On July 7, 1981, Sandra Day O’Connor became the first woman appointed to the Supreme Court. Her appointment was unanimously approved by the Senate and she was sworn in on September 25, 1981.
Sandra Day O’Connor, Supreme Court Justice
Born: March 26, 1930 in El Paso, TX
Sandra Day O’Connor graduated from Stanford Law School near the top of her class in 1952. (She married classmate John Jay O’Connor III that same year.) No law firm she applied to would hire her for a suitable position because she was a woman, so she turned to the public sector and became a deputy county attorney in California. In 1953, her husband was drafted into the Army as a judge and they lived in West Germany, where Sandra worked as a civilian lawyer for the Army.
After returning to the United States, the O’Connors had three children and settled in Phoenix, Arizona. She continued her law career and branched into politics when she became the first woman in the United States to be a majority leader in a state senate in the early seventies. In 1979, she was appointed to the Arizona Court of Appeals by the governor. In 1981, President Ronald Reagan appointed her to the Supreme Court.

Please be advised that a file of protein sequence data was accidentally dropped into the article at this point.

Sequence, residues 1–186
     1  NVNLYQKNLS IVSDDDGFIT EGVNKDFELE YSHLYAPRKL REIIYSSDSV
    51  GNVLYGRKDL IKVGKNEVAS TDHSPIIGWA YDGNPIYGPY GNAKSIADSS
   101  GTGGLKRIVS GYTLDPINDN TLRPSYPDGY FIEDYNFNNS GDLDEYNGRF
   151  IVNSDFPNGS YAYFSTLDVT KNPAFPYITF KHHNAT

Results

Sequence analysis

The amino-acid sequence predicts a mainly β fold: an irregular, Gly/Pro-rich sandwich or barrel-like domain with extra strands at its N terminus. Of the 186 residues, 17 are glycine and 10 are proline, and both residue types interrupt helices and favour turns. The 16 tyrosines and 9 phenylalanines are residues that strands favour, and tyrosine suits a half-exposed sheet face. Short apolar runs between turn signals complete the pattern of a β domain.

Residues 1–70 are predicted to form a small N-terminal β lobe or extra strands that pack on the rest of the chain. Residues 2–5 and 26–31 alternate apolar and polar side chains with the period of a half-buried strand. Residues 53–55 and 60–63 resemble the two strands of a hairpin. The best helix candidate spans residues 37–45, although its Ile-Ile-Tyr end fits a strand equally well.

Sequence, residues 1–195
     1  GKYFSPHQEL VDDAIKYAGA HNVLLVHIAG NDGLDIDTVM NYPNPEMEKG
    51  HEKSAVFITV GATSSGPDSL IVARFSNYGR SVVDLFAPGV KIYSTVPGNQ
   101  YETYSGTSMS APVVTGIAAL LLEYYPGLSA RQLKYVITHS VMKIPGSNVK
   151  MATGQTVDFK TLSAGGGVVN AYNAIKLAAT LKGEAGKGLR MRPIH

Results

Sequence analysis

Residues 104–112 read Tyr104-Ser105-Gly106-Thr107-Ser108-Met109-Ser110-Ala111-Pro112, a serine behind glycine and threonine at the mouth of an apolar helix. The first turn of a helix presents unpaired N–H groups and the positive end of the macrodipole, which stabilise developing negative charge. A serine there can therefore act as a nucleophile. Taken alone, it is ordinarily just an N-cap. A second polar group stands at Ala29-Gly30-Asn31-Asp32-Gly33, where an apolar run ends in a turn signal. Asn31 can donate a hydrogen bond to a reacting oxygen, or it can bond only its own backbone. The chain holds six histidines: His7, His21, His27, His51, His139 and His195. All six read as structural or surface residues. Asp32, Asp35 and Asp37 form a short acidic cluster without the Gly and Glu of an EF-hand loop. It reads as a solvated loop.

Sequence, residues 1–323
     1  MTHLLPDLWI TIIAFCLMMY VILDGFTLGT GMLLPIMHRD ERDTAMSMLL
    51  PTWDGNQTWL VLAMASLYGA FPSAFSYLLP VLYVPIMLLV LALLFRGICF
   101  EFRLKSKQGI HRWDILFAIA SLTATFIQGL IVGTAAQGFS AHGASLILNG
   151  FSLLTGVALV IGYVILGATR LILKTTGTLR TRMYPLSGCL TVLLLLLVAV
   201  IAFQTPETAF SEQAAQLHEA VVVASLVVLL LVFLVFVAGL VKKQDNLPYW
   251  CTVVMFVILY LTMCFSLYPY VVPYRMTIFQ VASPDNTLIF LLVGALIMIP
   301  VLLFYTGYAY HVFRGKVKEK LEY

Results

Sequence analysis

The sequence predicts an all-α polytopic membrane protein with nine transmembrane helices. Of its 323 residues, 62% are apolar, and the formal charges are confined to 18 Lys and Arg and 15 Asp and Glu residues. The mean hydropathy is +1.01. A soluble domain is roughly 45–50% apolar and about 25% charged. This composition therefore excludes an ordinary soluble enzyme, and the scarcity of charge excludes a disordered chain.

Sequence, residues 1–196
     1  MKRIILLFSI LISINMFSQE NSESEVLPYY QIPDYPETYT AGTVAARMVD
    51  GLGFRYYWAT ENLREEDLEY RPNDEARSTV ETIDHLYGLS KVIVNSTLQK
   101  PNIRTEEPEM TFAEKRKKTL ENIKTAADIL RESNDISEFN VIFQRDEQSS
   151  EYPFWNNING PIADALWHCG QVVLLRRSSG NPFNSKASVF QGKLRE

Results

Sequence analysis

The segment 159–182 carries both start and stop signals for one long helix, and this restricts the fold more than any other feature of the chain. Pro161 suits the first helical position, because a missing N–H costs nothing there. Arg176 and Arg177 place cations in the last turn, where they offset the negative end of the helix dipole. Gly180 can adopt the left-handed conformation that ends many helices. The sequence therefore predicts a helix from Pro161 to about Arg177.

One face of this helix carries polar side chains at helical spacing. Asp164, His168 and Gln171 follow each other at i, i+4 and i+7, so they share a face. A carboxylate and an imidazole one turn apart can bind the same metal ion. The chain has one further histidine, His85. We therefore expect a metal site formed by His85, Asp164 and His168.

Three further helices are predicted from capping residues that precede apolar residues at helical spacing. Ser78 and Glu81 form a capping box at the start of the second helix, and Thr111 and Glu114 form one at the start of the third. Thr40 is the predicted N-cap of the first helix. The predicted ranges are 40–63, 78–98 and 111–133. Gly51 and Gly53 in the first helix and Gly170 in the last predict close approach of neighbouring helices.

While she served on the Supreme Court, Justice O’Connor faced important decisions in cases involving abortion laws, campaign financing, affirmative action, and environmental issues, to name just a few.
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I had just finished Kindergarten when Justice O’Connor was appointed, but I remember hearing all the news stories about it and I knew it meant something special. Why wouldn’t they appoint a woman? I wondered. After all, I was wearing a tee-shirt that proudly declared “Anything boys can do, girls can do better.” Now my own daughters have never known a time when there wasn’t a woman Supreme Court Justice. I hope that they see more strides towards equality made in their lifetimes.
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